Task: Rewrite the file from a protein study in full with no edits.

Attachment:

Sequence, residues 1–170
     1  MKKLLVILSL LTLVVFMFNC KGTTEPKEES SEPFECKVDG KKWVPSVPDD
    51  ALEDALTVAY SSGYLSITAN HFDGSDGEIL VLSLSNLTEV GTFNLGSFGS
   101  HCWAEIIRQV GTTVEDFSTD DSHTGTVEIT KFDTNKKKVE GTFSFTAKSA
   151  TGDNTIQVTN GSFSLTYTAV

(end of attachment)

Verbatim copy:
Sequence, residues 1–170
     1  MKKLLVILSL LTLVVFMFNC KGTTEPKEES SEPFECKVDG KKWVPSVPDD
    51  ALEDALTVAY SSGYLSITAN HFDGSDGEIL VLSLSNLTEV GTFNLGSFGS
   101  HCWAEIIRQV GTTVEDFSTD DSHTGTVEIT KFDTNKKKVE GTFSFTAKSA
   151  TGDNTIQVTN GSFSLTYTAV